About Parents in Need
Parents in Need is a charity which supports families of children with Special Educational Needs by funding the professional reports to support their application for appropriate educational placement and therapy. These reports are usually Educational Psychology, Speech and Language Therapy, Occupational Therapy or Physiotherapy. They can be used at tribunal.
Who are we?
Parents in Need was founded by a core group of parents who all have children or grandchildren with special needs. Having experienced the darkness of a diagnosis followed by the confusion and the struggle to find the right placement for our children, we want to support other parents through this journey.
We are all too aware of how families are torn apart with the stress of discovering their child has special needs. The loneliness and despair that parents feel can often cause relationships to end. Some parents become so desperate that they have committed suicide. We are an organisation that parents can turn to in their hour of need.
Why do we exist?
Parents in Need was set up because families with disabled children very often have a terrible problem getting their child to an appropriate school or accessing appropriate therapy within their current school.
Council funding is tight, especially in education and therefore children are often only admitted to the closest and cheapest school possible. Sometime these children are struggling in mainstream, other times they are in the closest special needs school, which is inappropriate for their needs. There may be extra therapy that the child needs in their current placement which would make all the difference to their progress, or they may need a completely different type of school which the council are not prepared to offer.
The families who are able to appeal the provision or placement and take their councils to tribunal win 89% of the time, and the number of parents doing this has doubled in the last five years. These appeals and tribunals are agonising, they span many months, sometimes years and there are several cases where parents have been driven to suicide, and 80% of parents of disabled children divorce.
It's is enough that anyone who is already struggling with family life has to go through this for an appropriate education for their child, but of course it is only the families who are able to tackle this mountain at all that can surmount it. These families fill in the forms, pay between £800-£5,000 for private reports as evidence, stand in court and defend themselves and their children, sometimes with solicitors and barristers alongside them, are the ones with the resources to do so (that includes the money, time, education and support). It’s the the families without those resources who are abandoned and that's a shocking discrimination.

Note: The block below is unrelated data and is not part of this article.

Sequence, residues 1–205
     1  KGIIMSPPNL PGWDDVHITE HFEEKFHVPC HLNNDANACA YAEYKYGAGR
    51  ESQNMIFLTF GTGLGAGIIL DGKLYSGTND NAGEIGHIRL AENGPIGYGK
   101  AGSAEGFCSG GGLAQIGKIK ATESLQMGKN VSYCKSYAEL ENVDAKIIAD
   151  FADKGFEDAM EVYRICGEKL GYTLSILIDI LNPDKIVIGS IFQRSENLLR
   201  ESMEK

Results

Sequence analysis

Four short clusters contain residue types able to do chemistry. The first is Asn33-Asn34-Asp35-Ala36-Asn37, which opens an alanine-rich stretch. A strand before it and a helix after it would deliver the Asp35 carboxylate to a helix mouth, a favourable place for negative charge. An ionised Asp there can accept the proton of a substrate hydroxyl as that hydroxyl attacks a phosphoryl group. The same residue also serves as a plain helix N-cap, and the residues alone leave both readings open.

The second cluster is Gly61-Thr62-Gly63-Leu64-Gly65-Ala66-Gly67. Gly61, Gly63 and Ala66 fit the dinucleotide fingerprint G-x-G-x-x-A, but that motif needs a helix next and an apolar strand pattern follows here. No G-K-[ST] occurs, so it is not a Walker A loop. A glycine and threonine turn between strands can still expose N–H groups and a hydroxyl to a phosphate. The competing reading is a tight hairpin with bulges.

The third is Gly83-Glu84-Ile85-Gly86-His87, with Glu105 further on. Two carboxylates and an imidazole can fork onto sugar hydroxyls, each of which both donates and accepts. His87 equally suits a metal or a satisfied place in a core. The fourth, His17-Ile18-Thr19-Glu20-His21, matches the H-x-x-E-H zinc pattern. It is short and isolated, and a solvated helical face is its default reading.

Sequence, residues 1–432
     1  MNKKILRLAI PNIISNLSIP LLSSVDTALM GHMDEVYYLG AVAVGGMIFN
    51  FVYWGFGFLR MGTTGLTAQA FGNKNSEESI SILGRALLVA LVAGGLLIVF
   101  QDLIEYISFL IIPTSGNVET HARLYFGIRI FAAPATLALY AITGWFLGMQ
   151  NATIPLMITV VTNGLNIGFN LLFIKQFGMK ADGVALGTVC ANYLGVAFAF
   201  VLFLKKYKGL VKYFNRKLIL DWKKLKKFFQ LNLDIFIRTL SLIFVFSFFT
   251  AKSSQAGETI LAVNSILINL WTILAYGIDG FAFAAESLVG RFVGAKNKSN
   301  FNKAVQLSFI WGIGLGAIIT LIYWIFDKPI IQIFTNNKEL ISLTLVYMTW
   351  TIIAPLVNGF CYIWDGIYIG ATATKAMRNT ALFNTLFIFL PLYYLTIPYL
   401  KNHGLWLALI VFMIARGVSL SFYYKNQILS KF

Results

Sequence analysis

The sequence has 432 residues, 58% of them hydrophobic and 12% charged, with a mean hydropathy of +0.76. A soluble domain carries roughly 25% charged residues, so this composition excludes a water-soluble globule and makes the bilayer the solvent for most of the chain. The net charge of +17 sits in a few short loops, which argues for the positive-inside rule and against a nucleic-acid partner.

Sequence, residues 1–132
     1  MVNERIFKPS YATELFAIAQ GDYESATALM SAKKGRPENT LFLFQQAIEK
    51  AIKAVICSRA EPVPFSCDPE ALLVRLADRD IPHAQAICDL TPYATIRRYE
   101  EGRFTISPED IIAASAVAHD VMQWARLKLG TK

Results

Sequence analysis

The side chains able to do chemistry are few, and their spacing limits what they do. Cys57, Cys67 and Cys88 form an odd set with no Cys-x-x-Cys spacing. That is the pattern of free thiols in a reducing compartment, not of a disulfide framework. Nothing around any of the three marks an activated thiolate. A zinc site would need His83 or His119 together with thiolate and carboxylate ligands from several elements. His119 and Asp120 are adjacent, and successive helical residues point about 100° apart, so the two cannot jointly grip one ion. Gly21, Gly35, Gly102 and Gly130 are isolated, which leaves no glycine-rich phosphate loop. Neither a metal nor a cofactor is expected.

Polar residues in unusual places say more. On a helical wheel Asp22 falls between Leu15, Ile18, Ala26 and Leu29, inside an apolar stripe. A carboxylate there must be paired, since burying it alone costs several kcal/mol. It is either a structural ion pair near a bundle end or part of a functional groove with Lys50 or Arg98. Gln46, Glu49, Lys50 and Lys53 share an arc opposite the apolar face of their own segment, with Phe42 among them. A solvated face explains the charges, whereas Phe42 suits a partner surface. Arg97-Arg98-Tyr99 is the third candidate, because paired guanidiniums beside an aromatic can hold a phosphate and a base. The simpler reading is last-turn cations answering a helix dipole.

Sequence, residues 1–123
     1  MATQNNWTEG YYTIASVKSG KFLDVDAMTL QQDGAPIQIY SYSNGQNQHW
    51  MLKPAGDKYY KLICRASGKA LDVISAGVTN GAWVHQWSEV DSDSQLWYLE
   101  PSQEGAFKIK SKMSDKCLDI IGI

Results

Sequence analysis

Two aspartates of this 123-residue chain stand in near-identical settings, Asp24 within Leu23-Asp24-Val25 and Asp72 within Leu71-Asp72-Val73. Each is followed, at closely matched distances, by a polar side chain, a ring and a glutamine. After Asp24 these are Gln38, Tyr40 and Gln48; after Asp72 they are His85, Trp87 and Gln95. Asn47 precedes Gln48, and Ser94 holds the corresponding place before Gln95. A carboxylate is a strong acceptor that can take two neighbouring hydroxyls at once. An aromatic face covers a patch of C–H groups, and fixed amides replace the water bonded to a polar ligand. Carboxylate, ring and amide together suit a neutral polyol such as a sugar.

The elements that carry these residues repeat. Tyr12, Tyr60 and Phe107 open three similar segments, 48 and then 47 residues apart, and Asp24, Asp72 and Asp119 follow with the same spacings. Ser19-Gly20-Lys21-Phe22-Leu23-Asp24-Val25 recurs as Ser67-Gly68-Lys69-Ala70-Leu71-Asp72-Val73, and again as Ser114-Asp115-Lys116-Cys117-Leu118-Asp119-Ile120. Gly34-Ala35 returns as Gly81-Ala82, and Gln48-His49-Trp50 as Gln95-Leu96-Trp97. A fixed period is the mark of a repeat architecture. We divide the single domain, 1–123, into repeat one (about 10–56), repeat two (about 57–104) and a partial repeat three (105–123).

The aim of our charity is not to be needed at all. But until that time, when appropriate education is for everyone, Parents In Need exists to help these families. We fund the professional reports that are used as evidence at tribunal to ensure they are as well equipped in court as the council they are fighting.
Very often it isn’t even necessary to go all the way to tribunal because as soon as the council's see this evidence, they concede before it even reaches the tribunal date.
Nothing is more important to anyone with a disabled child than the hope that they will reach their potential, whatever that may be. The right education gives that to families who are otherwise in despair.
Where are we?
We are based in South West London but help families throughout the country.
What we have achieved so far?
Parents in Need was founded in 2014 and we help more and more families every year. (read our case studies) We have acquired a wonderful patron and partnered with SOS!SEN.
How do we fundraise?
Who do we help?
We help anyone who believes their child with SEN isn’t receiving the right education, and who is without the resources to pay for the reports themselves. Our families come as referrals from our partner charity SOS!SEN who are a helpline for families fighting the special needs system.